#6: Choose Your Location Wisely
If you need to start your journey from a major metropolitan area, consider walking or arranging transportation for the first 20-30 kilometers, ensuring you’re delivered in a rural area and less likely to catch people running errands and going to work.
Motorists need room to pull over; don’t assume they’ll just stop in their lane and halt incoming traffic to pick you up.
Check local hitchhiking laws. For instance, it’s illegal to hitchhike on the motorways of New Zealand (though not highly enforced).
Very true. I always check hitchwiki before leaving. Once I was leaving Gent going to Brussel and I was following hitchwiki's advice but I saw a sign in one corner. I decided to  follow it... bad decision. Not only I walked a lot, the place was terrible. Had to walk back and went to where the website said, within 10 min I found a ride.
#7: Make a Sign
Fifty-fifty shot here. Carrying a cardboard sign with your destination written in sharp bold letters might make it easier to find one driver willing to take you the full distance, but could also discourage those going only a few kilometers from making the effort to stop.
If you’re traveling in a foreign country where English is not the native language, it would definitely be a good idea to write “I can speak ____” in the local tongue. Drivers might want more than simply “Roma? Ok, ok … (3 hours later) here … bye bye.”
This depends on my mood. Sometimes I feel like using a sign, sometimes I don't. If I'm using one and I'm not getting anywhere I stop using it, or viceversa. In Latin America I think I've only used a sign three or four times, in Panama and Colombia.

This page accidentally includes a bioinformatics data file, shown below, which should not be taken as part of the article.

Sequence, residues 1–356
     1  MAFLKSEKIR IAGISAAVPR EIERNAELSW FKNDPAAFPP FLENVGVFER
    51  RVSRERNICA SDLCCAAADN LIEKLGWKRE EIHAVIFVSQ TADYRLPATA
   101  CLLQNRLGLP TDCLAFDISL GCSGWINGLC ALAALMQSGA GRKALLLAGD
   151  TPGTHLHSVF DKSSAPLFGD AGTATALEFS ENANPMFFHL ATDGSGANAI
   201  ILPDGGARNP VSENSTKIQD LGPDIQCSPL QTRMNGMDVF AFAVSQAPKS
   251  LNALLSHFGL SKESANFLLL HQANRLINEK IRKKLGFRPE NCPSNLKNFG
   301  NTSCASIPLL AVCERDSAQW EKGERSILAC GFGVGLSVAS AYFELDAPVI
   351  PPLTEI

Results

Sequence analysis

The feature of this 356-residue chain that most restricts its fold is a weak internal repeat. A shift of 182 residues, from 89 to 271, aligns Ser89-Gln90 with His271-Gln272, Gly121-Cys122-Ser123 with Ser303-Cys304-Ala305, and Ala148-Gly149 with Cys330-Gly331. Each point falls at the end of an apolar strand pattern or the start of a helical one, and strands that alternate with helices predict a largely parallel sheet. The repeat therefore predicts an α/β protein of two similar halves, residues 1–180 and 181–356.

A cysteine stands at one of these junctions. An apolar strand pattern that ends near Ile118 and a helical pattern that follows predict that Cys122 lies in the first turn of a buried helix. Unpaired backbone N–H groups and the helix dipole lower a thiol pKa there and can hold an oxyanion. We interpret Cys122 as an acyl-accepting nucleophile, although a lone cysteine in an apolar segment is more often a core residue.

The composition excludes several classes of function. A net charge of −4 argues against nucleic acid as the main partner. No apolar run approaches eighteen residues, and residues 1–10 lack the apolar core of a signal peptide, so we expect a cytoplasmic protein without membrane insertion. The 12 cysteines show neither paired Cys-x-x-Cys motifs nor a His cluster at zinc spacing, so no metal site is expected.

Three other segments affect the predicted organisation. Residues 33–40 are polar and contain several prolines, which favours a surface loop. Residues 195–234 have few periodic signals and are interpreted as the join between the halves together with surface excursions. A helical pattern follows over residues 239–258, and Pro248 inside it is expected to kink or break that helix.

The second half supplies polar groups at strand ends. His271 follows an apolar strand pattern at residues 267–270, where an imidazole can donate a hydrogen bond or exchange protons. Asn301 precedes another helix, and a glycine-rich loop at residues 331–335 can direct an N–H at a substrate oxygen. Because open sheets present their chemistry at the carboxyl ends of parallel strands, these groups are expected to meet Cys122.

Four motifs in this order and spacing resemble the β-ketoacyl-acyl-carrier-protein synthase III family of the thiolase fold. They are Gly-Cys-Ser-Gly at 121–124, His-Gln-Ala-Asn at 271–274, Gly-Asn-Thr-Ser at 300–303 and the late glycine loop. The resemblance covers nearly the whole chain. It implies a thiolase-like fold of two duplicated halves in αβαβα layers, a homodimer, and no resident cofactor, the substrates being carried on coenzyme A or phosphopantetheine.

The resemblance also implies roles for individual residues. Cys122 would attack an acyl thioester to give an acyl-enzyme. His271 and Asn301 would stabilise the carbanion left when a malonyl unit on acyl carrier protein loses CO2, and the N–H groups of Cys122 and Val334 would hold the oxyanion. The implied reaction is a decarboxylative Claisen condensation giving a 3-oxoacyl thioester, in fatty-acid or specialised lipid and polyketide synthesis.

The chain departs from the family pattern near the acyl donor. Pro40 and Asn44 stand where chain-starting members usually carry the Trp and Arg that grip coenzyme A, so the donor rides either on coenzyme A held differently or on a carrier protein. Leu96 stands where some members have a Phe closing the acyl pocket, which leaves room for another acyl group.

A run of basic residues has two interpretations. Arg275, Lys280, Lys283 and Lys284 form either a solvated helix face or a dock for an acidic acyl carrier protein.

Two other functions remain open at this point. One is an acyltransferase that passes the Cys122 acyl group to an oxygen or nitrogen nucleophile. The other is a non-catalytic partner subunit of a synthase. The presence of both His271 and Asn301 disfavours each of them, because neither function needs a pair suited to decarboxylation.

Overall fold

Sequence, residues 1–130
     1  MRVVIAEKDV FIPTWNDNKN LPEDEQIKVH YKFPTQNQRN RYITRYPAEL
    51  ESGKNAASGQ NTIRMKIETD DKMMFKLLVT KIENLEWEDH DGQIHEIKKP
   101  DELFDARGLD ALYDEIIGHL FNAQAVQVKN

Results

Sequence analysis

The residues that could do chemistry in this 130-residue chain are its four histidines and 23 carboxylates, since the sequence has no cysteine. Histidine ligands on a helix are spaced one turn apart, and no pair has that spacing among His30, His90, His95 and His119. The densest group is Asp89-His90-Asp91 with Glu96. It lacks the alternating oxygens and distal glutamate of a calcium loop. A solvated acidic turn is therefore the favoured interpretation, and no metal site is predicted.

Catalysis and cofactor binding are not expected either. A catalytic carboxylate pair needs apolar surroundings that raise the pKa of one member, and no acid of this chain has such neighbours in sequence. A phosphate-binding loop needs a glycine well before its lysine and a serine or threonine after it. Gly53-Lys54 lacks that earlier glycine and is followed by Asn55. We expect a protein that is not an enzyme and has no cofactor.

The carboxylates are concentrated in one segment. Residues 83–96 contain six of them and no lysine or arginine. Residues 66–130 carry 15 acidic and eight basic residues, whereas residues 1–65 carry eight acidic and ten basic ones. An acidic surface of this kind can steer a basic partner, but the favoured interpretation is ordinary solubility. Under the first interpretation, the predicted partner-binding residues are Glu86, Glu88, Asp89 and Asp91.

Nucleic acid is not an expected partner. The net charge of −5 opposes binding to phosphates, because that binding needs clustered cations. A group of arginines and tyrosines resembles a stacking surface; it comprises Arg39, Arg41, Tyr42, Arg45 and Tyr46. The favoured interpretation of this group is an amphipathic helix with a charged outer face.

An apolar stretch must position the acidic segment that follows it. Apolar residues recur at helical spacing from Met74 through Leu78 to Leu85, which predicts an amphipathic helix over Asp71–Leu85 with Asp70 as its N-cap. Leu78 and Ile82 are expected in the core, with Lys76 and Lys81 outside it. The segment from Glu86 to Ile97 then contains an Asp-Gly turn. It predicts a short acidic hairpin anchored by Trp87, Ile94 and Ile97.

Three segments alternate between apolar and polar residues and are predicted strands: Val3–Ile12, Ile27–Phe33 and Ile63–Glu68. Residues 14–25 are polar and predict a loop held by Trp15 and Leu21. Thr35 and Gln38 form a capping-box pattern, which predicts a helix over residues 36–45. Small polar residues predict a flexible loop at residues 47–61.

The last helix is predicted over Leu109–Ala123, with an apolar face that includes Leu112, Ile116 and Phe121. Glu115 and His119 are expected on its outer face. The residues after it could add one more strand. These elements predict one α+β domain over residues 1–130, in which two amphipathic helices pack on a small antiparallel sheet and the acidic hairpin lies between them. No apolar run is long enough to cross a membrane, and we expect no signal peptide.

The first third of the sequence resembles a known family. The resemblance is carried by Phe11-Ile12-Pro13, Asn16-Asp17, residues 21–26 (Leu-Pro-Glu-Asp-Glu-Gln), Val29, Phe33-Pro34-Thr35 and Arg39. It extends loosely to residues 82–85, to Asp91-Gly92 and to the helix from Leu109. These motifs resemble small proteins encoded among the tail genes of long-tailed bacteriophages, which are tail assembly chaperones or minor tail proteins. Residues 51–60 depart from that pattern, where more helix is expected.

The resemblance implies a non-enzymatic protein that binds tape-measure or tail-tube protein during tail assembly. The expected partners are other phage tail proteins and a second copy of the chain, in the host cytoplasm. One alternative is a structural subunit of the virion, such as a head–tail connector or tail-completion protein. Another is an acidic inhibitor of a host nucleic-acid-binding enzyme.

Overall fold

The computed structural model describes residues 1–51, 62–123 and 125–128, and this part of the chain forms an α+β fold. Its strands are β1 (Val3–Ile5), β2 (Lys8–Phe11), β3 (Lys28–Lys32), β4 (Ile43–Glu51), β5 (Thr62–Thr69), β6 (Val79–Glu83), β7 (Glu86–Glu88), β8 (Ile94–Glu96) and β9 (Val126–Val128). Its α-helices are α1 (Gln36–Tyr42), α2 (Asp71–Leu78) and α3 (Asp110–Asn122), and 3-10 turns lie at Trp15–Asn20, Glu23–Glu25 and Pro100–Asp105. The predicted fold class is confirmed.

#8: Consider the Time of Day
Rush hour traffic (7-9 AM, 4-6 PM) can leave you aggravated even if you’re not stuck behind two hundred cars and a construction zone. A parent who might enjoy conversation with a traveler in the middle of the day is less likely to let a stranger enter her car with her 10-year-old son, fresh from school. Blue and white collar workers usually want to get home and chill immediately following a long day of stress.

#9: Looking Pathetic Helps
Somewhat of an exception to the luggage and cleanliness rules is playing the proper role of a hitchhiker – a traveler displaced and alone in this uncertain world of ours. Now imagine such a character in the pouring rain. Along a rural highway in the dead of night. Wearing a t-shirt and shorts when the outside temperature reaches zero degrees Celsius. A combination of the three would be ideal. Pity rides are all too common in the world of hitchhiking.
It was raining and I indeed looked like I was having a rough day but it worked the first time I hitchhiked from Berlin.
#10: You Are Not Special
Finally - never, never assume you are entitled to a ride. I know it can be frustrating to sit outside for hours in the rain or glaring sun watching car after car after truck … after horse-drawn carriage pass you by. However, if you start thinking “Why didn’t she pick me up? She’s going the same direction, and her passenger seat was empty,” then that resentment will simply build until you lose hope of making it to your destination, stop wearing a smile, and only stick out your thumb at every fifth vehicle. Strangers grant you a privilege by taking the time out of their busy day and escorting you further down the open road. Don’t forget it.
But sometimes you cannot help it, specially when you've been stuck for hours.